Next week, early Americanists will gather for the joint annual meeting of the Omohundro Institute and the Society of Early Americanists. On the first day of the conference (Thursday, June 18), I’ve organized a roundtable discussion on “The Maturing Blogosphere of Early America.” Here I’d like to introduce it and invite you to join us for the session.
To give you a little background, let me share the official program description:
Over the past ten years, writing online—in particular through blogs—has become a staple of public engagement for many scholars of early America. No longer a fringe activity, blogging is a core part of the identity of many scholars and provides a forum for presenting research, thinking through theoretical problems, and sometimes just having fun with early American history. This panel will bring together scholars at a range of career points to discuss some of the ways in which they have used blogging in their research, teaching, and service, and explore the strengths and weaknesses of early American history conversations online.
The panel will include:
- Joseph M. Adelman, Framingham State University, The Junto
- Benjamin Breen, University of Texas, The Appendix
- Emily Conroy-Krutz, Michigan State University, Teaching U.S. History
- John Fea, Messiah College, The Way of Improvement Leads Home
- Rebecca Goetz, New York University, Historianess
To extend the metaphor in the description, conversations about blogging have become staples of conferences over the past two or three years. I’ve found these extremely valuable whether I’ve been in the room or following along on Twitter. Many of these conversations have centered around the question of how and whether blogging would count, and several explicitly addressed the question of whether blogging is scholarship. I don’t want to speak for my co-panelists, but I think they might answer that question in a variety of ways.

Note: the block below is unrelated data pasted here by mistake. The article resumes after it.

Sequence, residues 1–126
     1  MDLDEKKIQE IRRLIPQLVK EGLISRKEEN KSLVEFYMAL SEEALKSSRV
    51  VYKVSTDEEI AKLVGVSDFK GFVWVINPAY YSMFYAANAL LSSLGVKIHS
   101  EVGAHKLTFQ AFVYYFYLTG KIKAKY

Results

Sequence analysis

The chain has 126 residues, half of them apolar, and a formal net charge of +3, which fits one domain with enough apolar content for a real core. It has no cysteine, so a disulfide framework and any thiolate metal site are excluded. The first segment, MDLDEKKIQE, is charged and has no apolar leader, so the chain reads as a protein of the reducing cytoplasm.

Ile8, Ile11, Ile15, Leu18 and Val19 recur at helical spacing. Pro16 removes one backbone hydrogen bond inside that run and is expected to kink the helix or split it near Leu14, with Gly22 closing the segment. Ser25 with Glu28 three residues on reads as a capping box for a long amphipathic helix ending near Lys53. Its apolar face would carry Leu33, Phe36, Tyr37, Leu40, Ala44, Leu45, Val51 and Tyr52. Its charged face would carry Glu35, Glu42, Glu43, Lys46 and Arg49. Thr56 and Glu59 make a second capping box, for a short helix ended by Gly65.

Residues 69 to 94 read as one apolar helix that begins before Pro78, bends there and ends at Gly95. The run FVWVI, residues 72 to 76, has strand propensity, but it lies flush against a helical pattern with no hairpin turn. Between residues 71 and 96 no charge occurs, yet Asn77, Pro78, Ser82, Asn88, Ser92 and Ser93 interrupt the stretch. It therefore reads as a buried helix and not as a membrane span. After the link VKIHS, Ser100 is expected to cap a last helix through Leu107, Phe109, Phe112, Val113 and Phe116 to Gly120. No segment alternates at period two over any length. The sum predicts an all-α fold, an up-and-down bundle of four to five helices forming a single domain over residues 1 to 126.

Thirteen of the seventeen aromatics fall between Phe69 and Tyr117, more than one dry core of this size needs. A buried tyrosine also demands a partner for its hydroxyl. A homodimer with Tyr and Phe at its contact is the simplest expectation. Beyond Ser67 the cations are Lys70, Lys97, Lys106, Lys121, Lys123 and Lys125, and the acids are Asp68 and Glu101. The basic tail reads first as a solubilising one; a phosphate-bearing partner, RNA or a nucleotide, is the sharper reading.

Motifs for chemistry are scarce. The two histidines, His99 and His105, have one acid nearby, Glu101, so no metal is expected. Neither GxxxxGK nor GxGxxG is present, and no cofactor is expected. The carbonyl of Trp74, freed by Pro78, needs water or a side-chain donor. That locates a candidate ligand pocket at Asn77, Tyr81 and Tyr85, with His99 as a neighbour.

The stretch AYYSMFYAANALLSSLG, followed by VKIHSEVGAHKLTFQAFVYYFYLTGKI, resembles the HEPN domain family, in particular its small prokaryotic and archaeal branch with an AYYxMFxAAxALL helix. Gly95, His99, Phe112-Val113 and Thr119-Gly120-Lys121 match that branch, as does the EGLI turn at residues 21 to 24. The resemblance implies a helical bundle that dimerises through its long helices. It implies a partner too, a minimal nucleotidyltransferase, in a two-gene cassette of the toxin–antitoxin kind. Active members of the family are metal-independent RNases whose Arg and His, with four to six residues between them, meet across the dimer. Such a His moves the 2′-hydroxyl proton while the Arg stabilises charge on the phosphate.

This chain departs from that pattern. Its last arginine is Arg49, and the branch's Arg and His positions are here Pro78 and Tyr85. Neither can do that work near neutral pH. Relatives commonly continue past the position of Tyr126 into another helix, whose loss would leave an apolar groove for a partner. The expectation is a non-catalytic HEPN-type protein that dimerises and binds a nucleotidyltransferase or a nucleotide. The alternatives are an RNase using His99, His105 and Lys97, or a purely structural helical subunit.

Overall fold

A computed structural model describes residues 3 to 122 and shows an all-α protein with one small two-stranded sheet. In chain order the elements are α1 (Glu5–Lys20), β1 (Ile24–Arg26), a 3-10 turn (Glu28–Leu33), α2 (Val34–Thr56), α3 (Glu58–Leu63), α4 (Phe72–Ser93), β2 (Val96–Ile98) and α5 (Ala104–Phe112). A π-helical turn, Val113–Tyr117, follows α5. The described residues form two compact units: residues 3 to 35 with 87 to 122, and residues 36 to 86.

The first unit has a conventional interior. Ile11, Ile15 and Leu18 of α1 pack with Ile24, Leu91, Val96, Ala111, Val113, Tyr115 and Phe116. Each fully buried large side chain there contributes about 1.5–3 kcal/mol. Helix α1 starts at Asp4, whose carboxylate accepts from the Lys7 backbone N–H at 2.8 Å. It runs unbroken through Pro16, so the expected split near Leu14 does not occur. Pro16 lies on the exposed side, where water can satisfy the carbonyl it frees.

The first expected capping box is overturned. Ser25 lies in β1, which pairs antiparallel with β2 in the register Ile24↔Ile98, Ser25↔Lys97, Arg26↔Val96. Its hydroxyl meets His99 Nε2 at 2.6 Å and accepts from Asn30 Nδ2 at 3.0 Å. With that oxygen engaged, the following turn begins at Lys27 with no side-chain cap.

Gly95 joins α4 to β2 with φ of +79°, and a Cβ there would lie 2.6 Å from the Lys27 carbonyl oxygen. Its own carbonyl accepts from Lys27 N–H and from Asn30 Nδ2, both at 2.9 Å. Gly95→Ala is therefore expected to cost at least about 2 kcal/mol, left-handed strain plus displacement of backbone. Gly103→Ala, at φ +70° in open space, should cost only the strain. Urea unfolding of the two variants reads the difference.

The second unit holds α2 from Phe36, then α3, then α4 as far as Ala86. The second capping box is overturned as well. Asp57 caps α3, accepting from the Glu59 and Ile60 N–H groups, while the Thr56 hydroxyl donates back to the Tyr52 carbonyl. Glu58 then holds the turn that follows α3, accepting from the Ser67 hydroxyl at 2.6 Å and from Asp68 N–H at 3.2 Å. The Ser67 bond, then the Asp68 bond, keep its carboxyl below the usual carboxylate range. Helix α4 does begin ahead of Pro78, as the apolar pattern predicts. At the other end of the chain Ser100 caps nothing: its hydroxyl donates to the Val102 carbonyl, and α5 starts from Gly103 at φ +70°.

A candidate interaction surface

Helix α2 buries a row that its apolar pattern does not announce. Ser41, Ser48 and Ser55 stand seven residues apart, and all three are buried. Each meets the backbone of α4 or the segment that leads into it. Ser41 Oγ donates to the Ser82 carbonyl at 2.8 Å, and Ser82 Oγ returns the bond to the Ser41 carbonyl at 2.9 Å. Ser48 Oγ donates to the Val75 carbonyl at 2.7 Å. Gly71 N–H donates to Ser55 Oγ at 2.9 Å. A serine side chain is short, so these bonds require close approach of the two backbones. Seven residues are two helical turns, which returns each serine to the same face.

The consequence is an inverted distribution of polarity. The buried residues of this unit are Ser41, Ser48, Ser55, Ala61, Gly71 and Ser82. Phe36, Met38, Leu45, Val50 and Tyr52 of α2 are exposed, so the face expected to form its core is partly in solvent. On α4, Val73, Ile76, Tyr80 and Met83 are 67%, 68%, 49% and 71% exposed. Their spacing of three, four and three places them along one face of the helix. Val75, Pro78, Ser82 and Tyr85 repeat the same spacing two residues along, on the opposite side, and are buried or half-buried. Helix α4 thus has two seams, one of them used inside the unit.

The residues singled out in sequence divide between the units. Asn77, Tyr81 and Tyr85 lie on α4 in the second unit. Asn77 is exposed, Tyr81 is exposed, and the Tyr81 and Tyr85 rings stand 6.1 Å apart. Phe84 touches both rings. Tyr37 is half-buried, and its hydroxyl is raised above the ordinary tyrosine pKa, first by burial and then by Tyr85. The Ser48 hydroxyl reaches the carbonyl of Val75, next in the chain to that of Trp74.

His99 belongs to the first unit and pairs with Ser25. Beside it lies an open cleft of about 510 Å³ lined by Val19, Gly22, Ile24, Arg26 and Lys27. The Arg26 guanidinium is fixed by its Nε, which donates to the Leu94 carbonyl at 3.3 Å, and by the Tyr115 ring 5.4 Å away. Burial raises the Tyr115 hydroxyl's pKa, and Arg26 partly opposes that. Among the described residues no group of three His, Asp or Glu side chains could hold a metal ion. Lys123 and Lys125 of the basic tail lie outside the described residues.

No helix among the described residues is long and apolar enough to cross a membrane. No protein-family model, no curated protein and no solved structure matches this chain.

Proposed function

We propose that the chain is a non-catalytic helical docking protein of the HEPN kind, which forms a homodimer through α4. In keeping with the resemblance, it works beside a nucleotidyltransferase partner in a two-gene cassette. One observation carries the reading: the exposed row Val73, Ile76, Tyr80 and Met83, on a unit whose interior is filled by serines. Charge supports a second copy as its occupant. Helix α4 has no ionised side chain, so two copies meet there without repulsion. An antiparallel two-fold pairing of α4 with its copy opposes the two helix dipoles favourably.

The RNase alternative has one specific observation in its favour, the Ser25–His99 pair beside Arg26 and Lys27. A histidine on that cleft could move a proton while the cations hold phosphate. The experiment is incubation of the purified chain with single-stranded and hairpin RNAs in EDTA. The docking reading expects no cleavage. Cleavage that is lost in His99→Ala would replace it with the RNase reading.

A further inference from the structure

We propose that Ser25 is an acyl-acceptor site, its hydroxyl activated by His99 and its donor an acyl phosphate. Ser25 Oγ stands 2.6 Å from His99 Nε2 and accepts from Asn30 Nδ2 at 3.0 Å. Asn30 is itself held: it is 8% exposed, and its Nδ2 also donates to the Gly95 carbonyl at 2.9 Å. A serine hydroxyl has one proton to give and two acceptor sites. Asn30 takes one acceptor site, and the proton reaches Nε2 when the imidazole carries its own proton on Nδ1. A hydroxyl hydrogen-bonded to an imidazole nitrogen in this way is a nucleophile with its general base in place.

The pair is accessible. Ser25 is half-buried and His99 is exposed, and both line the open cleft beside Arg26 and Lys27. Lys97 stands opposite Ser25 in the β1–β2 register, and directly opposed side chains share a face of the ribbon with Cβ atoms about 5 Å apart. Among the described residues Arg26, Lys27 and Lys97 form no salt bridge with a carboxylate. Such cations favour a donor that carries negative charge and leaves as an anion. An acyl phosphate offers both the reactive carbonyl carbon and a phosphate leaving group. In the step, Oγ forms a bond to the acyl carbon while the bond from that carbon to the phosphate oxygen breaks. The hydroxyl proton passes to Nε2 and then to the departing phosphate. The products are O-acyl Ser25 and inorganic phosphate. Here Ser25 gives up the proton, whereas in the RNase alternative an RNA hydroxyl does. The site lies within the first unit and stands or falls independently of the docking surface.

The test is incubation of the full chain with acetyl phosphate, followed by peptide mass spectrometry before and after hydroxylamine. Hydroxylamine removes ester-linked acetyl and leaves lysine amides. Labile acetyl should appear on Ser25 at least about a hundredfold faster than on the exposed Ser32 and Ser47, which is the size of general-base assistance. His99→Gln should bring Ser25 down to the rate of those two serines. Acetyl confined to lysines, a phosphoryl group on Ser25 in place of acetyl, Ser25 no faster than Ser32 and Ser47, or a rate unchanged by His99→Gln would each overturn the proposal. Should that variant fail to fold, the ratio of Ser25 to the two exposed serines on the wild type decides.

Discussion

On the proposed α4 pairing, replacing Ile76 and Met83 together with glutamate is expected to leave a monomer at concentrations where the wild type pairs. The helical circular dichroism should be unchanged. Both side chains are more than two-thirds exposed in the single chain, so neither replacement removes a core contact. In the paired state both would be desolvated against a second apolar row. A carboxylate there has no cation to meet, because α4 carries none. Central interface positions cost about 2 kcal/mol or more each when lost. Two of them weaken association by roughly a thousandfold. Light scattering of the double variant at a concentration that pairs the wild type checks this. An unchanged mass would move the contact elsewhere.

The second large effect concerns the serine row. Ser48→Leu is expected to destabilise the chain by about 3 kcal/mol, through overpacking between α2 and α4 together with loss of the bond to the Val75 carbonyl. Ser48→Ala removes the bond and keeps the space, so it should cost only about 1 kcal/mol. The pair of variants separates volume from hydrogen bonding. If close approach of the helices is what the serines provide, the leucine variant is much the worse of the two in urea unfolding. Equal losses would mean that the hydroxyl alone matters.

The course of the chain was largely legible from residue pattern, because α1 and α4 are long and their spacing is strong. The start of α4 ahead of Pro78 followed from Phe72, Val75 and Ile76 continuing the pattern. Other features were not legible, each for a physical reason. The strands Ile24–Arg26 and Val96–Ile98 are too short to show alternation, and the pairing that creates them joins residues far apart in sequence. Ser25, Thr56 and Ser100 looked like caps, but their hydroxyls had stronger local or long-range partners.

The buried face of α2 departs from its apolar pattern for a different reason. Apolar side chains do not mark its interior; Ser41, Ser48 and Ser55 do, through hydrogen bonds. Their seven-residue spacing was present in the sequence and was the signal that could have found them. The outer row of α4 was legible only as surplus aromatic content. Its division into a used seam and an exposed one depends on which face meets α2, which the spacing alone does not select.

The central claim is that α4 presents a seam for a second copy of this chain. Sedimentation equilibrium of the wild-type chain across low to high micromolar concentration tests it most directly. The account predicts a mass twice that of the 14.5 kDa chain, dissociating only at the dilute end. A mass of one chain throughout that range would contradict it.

This panel, though, aims to re-frame the discussion. Whether or not blogging meets the definition of scholarship (and I’d stipulate that for tenure and promotion purposes that definition varies among types of institutions), it certainly has become an established part of academic portfolios for scholars at all stages of their careers. Our goal, then, is to further the conversation by starting with the assumption that blogging is part of the scholarly life and discuss some of the ways in which we have approached online engagement. To do that, our panel includes a group of scholars at various stages of their careers (from a department chair to a very recently minted Ph.D.) who represent a range of approaches to blogging.
Some of us blog about our research. Some of us blog about teaching. Some of us blog as part of a service commitment to the profession. Some of us want to engage audiences outside of the academy. All of us think that what we’re doing is important and contributes to the scholarly conversation about the past.
We’re planning an open-ended discussion about the issues that come up with academic blogging and hope for a lively conversation with the audience. As of today, there are still spots available to pre-register (see the Institute’s website for details), but even if you don’t, stop by the room on Thursday afternoon and see if there are spots available. And if you can’t be there at all, feel free to participate here, on Twitter (the conference hashtag is #OISEA2015) or in what we hope will be some posts to come out of our conversation after the conference.
UPDATE: See below for information about how to sign up for the workshop if you’ve already registered for the conference:
— OIEAHC (@OIEAHC) June 10, 2015
 At last year’s OAH conference, there was a panel titled, “Is Blogging Scholarship?” For background, see Michael Hattem’s Storify of tweets, Ken Owen’s reflections here at the Junto, and my own comments.